A critique of our use of inspection data is that inspections are not randomly assigned; that is, inspectors have discretion over which drivers they inspect. If there are systematic biases—for example, perhaps women drive better-maintained trucks, and inspectors choose to inspect poorly-maintained trucks—then women will be underrepresented in the inspection data. To account for this, I looked at three things: 1) inspections during inspection blitzes, which are held in June every year; 2) inspections where no vehicle violations were reported; and 3) only level-3 inspections (i.e., driver-only inspections). With these restrictions, the percentage of females were 3.4%, 3.8%, and 3.8% of inspections.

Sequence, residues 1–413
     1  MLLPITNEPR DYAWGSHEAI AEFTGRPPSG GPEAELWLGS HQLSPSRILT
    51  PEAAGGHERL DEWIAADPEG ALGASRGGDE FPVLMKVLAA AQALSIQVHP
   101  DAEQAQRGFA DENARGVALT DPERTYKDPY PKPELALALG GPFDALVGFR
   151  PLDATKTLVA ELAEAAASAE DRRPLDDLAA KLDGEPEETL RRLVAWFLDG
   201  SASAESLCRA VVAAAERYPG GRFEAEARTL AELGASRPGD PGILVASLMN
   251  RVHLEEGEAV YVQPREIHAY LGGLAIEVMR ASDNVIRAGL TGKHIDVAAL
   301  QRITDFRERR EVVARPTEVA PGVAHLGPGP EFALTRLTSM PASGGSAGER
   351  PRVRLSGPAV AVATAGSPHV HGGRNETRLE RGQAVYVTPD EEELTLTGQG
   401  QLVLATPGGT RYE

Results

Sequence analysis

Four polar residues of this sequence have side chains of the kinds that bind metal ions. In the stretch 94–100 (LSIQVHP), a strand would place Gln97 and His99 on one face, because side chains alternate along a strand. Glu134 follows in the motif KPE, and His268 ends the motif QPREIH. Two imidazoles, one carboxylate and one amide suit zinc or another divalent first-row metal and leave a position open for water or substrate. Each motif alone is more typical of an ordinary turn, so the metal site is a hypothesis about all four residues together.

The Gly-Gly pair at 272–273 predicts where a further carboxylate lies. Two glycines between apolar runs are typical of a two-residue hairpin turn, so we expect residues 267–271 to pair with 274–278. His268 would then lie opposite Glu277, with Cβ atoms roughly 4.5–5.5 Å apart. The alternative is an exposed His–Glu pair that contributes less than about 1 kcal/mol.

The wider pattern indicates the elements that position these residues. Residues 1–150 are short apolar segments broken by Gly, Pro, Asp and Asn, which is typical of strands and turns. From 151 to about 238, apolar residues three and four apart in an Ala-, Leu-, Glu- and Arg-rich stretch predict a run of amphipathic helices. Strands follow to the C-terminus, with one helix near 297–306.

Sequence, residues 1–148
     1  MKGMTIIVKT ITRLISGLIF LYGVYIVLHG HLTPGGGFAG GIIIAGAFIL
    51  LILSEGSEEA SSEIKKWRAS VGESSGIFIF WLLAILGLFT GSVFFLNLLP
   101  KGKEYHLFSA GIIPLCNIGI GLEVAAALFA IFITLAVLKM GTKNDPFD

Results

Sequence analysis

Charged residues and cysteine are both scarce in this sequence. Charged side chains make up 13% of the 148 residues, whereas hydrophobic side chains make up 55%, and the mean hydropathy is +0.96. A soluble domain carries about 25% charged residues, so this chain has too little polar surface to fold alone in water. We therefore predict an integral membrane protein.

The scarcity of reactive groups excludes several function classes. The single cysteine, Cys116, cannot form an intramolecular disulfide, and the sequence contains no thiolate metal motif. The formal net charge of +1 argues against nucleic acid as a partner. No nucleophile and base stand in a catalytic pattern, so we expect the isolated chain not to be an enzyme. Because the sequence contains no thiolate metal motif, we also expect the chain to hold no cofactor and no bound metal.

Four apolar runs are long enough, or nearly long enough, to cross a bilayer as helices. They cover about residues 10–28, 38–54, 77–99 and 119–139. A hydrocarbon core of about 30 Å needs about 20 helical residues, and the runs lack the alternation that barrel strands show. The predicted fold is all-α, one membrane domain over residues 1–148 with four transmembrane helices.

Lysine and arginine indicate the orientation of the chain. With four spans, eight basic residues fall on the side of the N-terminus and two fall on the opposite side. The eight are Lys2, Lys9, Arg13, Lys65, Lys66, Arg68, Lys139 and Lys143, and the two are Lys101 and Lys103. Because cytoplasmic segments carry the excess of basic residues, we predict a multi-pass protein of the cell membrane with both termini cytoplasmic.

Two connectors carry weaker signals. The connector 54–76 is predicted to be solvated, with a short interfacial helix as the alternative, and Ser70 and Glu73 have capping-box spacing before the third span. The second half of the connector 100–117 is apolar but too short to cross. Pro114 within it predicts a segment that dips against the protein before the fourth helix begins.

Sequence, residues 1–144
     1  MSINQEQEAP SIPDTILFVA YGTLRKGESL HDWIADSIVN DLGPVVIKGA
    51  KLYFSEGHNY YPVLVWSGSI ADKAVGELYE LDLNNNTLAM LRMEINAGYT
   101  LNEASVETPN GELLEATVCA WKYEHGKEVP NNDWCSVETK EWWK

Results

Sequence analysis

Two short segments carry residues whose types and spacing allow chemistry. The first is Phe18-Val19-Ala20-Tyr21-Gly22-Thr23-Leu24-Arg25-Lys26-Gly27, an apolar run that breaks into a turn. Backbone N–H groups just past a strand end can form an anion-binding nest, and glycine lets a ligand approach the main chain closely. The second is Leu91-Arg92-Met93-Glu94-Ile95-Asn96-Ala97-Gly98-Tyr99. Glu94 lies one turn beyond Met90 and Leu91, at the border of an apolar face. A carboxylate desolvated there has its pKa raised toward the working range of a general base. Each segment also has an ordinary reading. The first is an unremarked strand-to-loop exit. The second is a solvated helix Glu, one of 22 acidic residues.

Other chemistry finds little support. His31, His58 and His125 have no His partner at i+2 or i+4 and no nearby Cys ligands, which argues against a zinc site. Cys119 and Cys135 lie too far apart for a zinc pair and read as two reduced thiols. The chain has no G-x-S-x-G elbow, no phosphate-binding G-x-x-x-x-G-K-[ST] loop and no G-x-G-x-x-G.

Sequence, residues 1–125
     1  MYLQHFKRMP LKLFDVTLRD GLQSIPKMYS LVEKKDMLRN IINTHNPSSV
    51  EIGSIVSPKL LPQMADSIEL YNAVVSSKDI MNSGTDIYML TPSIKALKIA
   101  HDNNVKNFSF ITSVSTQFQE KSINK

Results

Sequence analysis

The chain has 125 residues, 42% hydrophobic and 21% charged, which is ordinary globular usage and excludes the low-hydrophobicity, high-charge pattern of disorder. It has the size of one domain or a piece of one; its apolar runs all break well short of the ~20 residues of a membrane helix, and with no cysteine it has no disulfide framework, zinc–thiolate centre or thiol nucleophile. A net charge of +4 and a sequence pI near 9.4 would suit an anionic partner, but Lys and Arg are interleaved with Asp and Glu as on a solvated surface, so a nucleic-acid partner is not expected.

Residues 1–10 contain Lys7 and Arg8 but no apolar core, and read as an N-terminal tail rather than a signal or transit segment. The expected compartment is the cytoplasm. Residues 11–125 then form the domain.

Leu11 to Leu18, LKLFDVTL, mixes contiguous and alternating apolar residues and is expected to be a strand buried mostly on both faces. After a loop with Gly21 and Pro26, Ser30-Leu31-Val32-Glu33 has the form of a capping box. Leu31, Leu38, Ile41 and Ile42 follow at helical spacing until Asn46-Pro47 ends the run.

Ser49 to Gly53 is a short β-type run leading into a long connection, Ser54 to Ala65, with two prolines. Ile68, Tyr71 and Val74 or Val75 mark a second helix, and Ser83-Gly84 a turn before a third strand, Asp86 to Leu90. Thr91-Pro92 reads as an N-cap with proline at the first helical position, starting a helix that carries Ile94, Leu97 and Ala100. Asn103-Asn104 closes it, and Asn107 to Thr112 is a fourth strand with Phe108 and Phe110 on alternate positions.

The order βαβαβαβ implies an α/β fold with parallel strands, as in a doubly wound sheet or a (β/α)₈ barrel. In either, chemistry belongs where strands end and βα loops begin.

I reference data and studies so that the reader can reach their own conclusions, but I will briefly discuss mine. The Freightwaves self-reported survey is not a good instrument to collect data or to draw conclusions about the overall percentage of truck drivers that are female. It is highly unlikely that women are 10% of the driving workforce. The BLS does not measure the number of female truck drivers, because they do not directly measure truck drivers, and clearly say as such. Thus, the “6% to 7%” number has little validity for truck drivers. The CDLIS data and inspection data, which are based on actual drivers on the road, align pretty well. It seems that women are somewhere between 3% and 4% of the driving workforce, when all driving jobs (e.g., for-hire, private, LTL, large, small) are considered.
 “Predicting Truck Crash Involvement: 2018 Update” from the American Transportation Research Institute (ATRI) https://truckingresearch.org/wp-content/uploads/2018/08/ATRI-Crash-Predictor-2018-Update-07-2018.pdf. This article claims that women are 2.45% of the sample of drivers in a large database, but then claims that women are “6 to 8 percent” of drivers overall (p. 13).